Engulf [New World Book 5]

BOOK: Engulf [New World Book 5]
12.06Mb size Format: txt, pdf, ePub

Table of Contents


Published by


Other Books by Author Available at Torrid Books:



Chapter 1

Chapter 2

Chapter 3

Chapter 4

Chapter 5

Chapter 6

Chapter 7

Chapter 8



For your reading pleasure, we invite you to visit our web bookstore










C.L. Scholey








Published by
An Imprint of Whiskey Creek Press LLC
Whiskey Creek Press
PO Box 51052
Casper, WY 82605-1052


Copyright Ó 2013 by
C.L. Scholey


Warning: The unauthorized reproduction or distribution of this copyrighted work is illegal. Criminal copyright infringement, including infringement without monetary gain, is investigated by the FBI and is punishable by up to 5 (five) years in federal prison and a fine of $250,000.


Names, characters and incidents depicted in this book are products of the author’s imagination or are used fictitiously. Any resemblance to actual events, locales, organizations, or persons, living or dead, is entirely coincidental and beyond the intent of the author or the publisher.


No part of this book may be reproduced or transmitted in any form or by any means, electronic or mechanical, including photocopying, recording, or by any information storage and retrieval system, without permission in writing from the publisher.


ISBN 978-1-61160-465-8



Cover Artist: Gemini Judson

Editor: Melanie Billings


Printed in the United States of America






“Doss was so lonely and so good at heart he broke mine. My favorite of the series.” ~ Night Owl Reviews




Other Books by Author Available at Torrid Books:



New World Series

Shield Book 1

Armor Book 2

Impenetrable Book 3

Apparition Book 4


Vampire Coven Series

The Brethren of  Tavish Book 1






For Suzy

Thank you for being the inspiration behind this story













“Bye Abri, goodbye. We love you.”

Abri didn’t answer. She couldn’t have formed the words and made them work. Her face was plastered to the shuttle window. Her nose squished to its cool hardness. Tears streamed down her cheeks from the dark green eyes she saw reflected back at her. She watched her mother and father wave to her, encouraging her to be strong. They would make a shuttle trip eventually.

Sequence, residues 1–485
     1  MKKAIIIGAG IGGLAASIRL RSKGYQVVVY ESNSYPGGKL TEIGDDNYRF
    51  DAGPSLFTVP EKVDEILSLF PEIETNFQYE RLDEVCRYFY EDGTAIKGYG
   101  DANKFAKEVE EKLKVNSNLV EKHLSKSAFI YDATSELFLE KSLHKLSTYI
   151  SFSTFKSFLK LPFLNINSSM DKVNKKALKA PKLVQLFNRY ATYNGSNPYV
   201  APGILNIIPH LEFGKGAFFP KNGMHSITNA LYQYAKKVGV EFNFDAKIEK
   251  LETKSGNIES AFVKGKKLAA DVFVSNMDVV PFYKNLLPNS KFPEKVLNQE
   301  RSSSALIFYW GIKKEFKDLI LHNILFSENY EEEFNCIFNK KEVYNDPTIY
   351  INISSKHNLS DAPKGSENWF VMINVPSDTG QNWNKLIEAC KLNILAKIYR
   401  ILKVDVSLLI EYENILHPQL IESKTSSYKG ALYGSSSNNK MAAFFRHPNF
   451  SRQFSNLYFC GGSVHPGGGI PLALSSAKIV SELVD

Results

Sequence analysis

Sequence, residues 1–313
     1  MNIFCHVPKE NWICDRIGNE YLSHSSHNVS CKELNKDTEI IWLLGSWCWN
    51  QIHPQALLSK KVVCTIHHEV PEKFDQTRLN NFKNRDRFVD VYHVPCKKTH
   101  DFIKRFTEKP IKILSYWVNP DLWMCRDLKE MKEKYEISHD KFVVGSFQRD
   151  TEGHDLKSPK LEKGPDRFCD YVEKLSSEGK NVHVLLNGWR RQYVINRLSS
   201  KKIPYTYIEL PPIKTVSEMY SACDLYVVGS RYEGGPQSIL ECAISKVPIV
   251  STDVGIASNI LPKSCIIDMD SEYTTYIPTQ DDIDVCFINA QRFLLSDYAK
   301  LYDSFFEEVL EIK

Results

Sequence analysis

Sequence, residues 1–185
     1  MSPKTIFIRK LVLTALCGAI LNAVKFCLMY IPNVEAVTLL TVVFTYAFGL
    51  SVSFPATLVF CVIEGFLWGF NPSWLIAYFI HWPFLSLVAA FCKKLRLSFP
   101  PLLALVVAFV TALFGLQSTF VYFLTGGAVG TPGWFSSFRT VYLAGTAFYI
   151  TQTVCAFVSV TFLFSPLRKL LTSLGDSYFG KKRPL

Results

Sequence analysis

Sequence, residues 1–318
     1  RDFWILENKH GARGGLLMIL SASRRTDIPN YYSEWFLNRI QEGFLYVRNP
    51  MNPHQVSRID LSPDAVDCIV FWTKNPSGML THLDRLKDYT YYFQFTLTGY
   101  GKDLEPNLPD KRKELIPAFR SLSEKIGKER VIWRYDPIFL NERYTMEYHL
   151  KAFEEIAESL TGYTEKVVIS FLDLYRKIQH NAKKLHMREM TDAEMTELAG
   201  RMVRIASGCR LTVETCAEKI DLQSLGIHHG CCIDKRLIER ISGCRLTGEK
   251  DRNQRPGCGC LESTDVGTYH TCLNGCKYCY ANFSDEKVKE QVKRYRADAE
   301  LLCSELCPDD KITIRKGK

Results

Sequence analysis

Soon darling, soon, we promise you won’t be alone for long.
For now, only the young and healthy were being considered for the new planet, Ulsy. As well as the rich—Abri’s parents had sold everything they had to get their only child to safety.

Earth had begun being plagued with terrible disasters. At first, sporadic occurrences had people oohing and ahhing over awful tragedies as one country suffered then another. The suffering intensified—the tragedies were reoccurring—everywhere. Their world was slowly losing communication between countries. Before long there would be none. There was no more denying the doomsayer rants.

Flooding was rampant as was soaring heat. One side of the world burned while the other drowned. There was no rhyme or reason to Mother Nature’s numerous assaults. It was apparent global warming wasn’t at fault. There were many theories—none man made. It was as though they were entering into a new era, not unlike the ice age. Except there was no one to either claim or disclaim the concept.

Food sources were being desecrated by drought. Prices soared into the thirty dollar mark for a loaf of bread. Bottled water was gold. Anarchy was at an all-time high. It was the death penalty to be caught looting. You were shot where you stood. Many took the risk, not having any other choice. The Bible was now found in the form of self-survival books. Weapons were being gathered at an alarming rate and hoarded away. A person became a casualty if they ventured forth into the streets unarmed.